This homage to the childhood days of the motion pictures starts in 1910, when the young attorney Leo Harrigan by chance meets a motion picture producer. Immediately he's invited to become a... See full summary »
This film was Peter Bogdanovich's homage to musical comedies of the 1930s. A millionaire named Michael Oliver Pritchard III and a singer named Kitty O'Kelly meet and fall in love. Meanwhile... See full summary »
New York's Odyssey Detective Agency is hired by two different clients to follow two women suspected of infidelity. Ladies' man John Russo trails Angela Niotes, the elegant wife of a wealthy Italian industrialist, while Charles Rutledge and Arthur Brodsky follow Dolores Martin, the beautiful young wife of a jealous husband. Their respective cases are complicated when John falls for Angela, and Charles falls for Dolores. Written by
The film's soundtrack features one song sung by Benny Goodman, two songs sung by Waylon Jennings, two songs sung by Louis Armstrong, three songs sung by Johnny Cash, and four songs sung by Frank Sinatra, which were the Sinatra tunes: "You and Me", "More than You Know", "New York, New York", and "They All Laughed". Director Peter Bogdanovich said that Sinatra did the production a huge favor by only charging US $5000 for the full use of the four songs. See more »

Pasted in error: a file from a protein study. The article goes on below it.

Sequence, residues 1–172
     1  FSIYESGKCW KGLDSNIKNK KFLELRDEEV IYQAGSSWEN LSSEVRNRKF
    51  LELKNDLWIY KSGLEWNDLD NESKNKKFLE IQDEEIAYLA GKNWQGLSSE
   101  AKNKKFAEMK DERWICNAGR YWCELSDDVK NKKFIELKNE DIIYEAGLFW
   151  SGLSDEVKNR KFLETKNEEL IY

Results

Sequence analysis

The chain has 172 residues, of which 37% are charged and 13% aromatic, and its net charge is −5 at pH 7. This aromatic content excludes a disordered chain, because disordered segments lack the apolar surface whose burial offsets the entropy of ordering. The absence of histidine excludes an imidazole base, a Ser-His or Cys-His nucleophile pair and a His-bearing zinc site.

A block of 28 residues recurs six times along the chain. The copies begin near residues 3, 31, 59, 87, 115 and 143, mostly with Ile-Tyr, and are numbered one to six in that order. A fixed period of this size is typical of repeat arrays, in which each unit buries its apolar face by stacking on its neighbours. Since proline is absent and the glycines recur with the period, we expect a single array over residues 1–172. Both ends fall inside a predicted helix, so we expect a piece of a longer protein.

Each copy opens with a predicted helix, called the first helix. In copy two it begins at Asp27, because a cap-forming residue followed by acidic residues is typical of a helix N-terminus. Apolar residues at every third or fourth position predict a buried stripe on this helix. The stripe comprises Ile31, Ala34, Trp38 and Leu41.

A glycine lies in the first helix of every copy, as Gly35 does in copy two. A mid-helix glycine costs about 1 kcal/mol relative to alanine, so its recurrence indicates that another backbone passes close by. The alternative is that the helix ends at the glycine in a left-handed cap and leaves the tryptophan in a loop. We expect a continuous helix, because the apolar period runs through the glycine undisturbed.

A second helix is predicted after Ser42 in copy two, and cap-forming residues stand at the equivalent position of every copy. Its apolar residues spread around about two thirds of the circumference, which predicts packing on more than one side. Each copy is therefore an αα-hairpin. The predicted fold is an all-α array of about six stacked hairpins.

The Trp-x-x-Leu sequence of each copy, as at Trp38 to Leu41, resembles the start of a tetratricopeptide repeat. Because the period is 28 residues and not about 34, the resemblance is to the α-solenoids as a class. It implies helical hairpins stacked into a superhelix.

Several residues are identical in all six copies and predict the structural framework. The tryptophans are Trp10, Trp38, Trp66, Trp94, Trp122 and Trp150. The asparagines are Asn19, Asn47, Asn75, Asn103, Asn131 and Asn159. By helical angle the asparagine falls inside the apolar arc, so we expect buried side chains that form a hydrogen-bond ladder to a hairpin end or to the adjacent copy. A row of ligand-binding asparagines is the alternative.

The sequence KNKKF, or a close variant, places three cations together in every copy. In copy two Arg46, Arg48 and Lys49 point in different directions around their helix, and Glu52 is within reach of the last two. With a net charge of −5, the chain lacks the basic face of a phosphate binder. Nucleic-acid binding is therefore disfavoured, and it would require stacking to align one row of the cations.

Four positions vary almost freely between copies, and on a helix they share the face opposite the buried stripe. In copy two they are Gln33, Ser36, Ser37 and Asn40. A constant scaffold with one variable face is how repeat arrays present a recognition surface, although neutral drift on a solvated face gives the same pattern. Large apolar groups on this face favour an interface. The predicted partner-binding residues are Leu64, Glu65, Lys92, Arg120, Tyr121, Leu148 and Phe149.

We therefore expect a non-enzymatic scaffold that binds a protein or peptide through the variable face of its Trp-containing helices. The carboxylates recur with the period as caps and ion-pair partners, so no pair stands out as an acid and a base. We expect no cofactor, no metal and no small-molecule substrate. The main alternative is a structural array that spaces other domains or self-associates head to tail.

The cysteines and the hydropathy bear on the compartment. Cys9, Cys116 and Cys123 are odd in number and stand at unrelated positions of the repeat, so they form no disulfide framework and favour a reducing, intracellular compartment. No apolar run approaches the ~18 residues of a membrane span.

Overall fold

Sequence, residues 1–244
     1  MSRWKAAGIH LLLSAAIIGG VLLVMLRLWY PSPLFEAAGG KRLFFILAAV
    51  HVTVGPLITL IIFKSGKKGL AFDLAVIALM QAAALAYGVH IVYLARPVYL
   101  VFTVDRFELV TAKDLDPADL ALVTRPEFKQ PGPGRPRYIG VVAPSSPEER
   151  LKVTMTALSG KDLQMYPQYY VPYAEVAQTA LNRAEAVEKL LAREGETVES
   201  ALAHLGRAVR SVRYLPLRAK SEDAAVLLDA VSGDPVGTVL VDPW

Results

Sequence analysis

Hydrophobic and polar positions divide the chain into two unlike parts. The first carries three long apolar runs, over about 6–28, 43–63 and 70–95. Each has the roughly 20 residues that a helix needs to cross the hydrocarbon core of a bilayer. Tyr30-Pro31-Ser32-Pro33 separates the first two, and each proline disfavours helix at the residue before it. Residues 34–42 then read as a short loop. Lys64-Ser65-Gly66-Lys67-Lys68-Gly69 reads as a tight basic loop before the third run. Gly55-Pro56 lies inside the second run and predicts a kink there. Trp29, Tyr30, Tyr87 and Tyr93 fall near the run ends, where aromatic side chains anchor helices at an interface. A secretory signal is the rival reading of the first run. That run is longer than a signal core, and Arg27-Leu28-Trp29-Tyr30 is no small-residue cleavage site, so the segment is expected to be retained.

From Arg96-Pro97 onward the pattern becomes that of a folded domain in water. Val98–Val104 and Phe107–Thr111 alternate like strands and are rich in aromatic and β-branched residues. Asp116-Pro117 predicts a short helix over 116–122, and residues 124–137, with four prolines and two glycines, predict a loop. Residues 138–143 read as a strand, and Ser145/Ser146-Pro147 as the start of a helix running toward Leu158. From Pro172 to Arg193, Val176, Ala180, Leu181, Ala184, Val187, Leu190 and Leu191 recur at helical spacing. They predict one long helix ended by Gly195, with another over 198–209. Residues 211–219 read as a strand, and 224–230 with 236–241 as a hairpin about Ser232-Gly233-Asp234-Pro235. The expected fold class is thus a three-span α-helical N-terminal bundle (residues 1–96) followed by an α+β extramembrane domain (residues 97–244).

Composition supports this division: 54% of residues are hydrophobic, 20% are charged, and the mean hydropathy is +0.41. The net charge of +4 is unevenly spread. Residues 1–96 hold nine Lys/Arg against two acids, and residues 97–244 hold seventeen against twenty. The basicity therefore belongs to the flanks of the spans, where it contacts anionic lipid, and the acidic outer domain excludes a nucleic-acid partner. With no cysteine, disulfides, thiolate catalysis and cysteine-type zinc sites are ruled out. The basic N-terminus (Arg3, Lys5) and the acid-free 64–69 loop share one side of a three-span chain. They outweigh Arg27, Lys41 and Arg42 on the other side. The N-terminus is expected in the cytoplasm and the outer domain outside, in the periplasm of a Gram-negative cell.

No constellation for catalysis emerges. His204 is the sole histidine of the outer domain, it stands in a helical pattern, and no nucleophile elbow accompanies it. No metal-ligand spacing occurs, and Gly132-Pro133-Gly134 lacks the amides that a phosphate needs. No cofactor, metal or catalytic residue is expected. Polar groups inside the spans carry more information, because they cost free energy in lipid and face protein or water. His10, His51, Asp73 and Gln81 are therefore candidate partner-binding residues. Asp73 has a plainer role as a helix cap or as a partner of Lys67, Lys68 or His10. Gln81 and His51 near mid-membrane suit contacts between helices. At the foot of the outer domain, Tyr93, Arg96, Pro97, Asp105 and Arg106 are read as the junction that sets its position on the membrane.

You're Christy Miller, the country singer? No shit!
Well' there's some dispute about that, honey, but thanks.
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We thank the people of Manhattan, on whose island this picture was filmed. See more »
"They All Laughed" is one of those little movies I am always recommending to friends seeking something out of the ordinary. It is firmly rooted in the screwball romance traditions of the past, but seems more contemporary. Even the decidedly early 80s atmosphere doesn't date it too much. Bogdanovich wisely keeps the whole enterprise so light on its feet, that reality never brings it crashing down to earth. But, that said, this sort of sweet little movie absolutely relies on the actors to keep it going, and "TAL" is blessed with a dream cast who understand the requirements of this sort of tale. It is a movie that wouldn't linger so long in the memory if it weren't for the little moments provided by the excellent cast: Colleen Camp's simultaneously shouting orders at John Ritter and her dog; Blaine Novak unleashing all that hair from under his hat; and especially the moment Dorothy Stratten falls for John Ritter and says, "How...weird." It's such a piece of fluff one doesn't want to lay too much on it for fear of crushing it, but it is certainly does leave one with a light heart and a smile on one's face.
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